Eighteen months. That’s how long it has been since the murder of David Josiah Lawson, and the case remains unsolved.
Lawson was a 19-year-old sophomore criminal justice student at Humboldt State University with plans to become a lawyer. He was known as DJ to his mother and Josiah to his friends. He relished his role as older brother when with his family in Perris, California.
Upon graduating from high school, Lawson received an academic scholarship. His acceptance speech was a clear indication of what kind of man he was becoming.
“You’re not a man because of how strong you are, you’re not a man because you’re the best athlete in school and have the flashiest clothes,” Lawson said in his speech. “To be a man is to be responsible. It is to feel shame at the sight of what seems to be unmerited misery, it is to take pride in the victories in one’s comrades, it is to feel when setting one’s stone that one is contributing to the building of the world. Being a man of the 21st century isn’t about the quantity of one’s life, but the quality of how you treat others in your life.”
On April 15, 2017, Lawson was stabbed at a party in Arcata, California, a mile and a half from the HSU campus. Twenty-three-year-old Kyle Christopher Zoellner allegedly stabbed Lawson after Zoellner’s girlfriend accused Lawson of taking her phone. Lawson was pronounced dead at the hospital.
SF State student Akaelah Flotho was living across the street at the time.
“When the police arrived, they cowered at the black and brown bodies and circled the block once more, knowing a child was bleeding out,” Flotho said. “As [Lawson] was bleeding, the cops were doing crowd control, his friend’s desperately trying to save his life, the paramedic’s waiting. The woman accusing Josiah Lawson of stealing her phone said, ‘I hope that nigger dies,’ repeatedly, and she turned to his friends and said, ‘I hope your friend dies.’”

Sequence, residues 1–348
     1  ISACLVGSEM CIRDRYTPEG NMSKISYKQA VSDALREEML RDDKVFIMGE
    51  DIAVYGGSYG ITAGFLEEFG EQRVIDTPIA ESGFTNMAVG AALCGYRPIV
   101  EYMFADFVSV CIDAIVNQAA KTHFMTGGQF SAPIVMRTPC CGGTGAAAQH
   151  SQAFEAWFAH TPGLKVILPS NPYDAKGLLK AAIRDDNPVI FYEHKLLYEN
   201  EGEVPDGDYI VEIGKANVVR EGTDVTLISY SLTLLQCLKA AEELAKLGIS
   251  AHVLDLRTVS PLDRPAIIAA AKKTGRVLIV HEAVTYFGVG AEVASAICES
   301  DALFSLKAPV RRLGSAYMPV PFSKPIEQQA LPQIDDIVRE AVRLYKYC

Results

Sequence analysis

Despite the seemingly open and shut case, Lawson’s alleged murderer still walks free.
After the murder, protestors launched “Justice for Josiah” with vigils, rallies and walkouts to honor Lawson and demand that his murderer face justice.
From Oct. 15 to 19, a Week of Action organized around “Justice for Josiah” was honored across 21 CSUs. On Oct. 15, SF State’s Students for Quality Education along with Justice for Josiah members organized a rally, open mic night and documentary screening.
“We want to send a message to Chancellor [Timothy P.] White that this is unacceptable and we need to protect black students on campus,” said Maria Rivera, Students for Quality Education member. “We need to talk about campus safety […] in a way that doesn’t involve police, that talks about community action and community support so that this never happens again.”
Flotho is concerned that HSU’s incoming students of color are unaware of Arcata’s racist tendencies.
“Students at Humboldt State were reporting racially fueled hate crimes and assault within the community for years. While students of color were being recruited, other students of color were dropping out,” Flotho said. “After a year of living in Humboldt County, I learned pretty quickly that I was not wanted in their community, that I was taking a risk every time I left the house to carry out daily tasks.”
While Lawson’s murder occurred off campus, Flotho said students routinely experience racial aggression and discrimination on campus, a main reason for her transferring out.